This question goes beyond just me and my experience. Often queer youth are questioned on how they know they are gay or bi or asexual or anything in between. Queer people are routinely assaulted or raped in an attempt to “turn them straight” (this is referred to as corrective rape and is super common in South Africa). Before becoming cemented in their sexuality, queer people are expected to experiment with heterosexual experiences. Straight youth on the other hand are never questioned, they are not raped or assaulted in order to be corrected, and aren’t expected to experiment before coming to a conclusion. The lack of questioning straight youth face is illustrative of something about sexuality: it’s inherent.

It’s known inherently, too. Sexuality is an extremely personal thing.  Someone’s sexuality may not be obvious to you. This is especially prevalent for bisexual people. For example, I am currently in a relationship with a boy. That being said, I am still bisexual. My sexuality isn’t dependent on who I am currently seeing. The binary mentality many people have towards sexuality leads to what is called “bi-erasure”, or the lack of representation for bisexuality.

Both the queer and straight community play a part in this. Bisexual people in a committed relationship are often seen as choosing sides. If they are in a heterosexual relationship, they are just seen as straight and not a real part of the queer community. If they are in a queer relationship, they are seen as gay and not a part of the straight community. As a result, neither community is particularly accepting of bisexuality as a valid sexuality.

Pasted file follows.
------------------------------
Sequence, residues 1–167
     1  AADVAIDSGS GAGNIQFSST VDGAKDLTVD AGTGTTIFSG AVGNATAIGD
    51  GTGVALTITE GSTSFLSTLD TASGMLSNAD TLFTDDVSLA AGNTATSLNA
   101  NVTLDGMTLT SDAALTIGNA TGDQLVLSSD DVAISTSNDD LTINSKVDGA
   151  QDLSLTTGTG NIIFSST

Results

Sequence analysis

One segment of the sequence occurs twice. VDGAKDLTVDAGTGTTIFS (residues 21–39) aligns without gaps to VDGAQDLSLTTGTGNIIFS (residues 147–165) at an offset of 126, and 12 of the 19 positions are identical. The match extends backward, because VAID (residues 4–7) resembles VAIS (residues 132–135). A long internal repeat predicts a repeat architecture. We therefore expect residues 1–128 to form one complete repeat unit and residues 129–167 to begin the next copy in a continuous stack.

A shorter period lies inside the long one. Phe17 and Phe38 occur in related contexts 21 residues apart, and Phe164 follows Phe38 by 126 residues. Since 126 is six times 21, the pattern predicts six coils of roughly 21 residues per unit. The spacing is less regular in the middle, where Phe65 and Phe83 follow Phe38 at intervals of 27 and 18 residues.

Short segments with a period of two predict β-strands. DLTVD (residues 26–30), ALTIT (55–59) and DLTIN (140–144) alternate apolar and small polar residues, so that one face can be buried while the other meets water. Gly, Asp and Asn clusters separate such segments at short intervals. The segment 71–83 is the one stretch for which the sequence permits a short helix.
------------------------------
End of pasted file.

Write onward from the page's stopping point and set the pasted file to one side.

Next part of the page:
Fetishism and representation play another huge part in the difficulties faced by bisexual people. Bisexual women in the media are portrayed as a personification of the male gaze and provide an opportunity to play out threesome fantasies. Bisexual men are almost never represented. I could go on and on about representation (not just for bi people), but will just save that one for another post.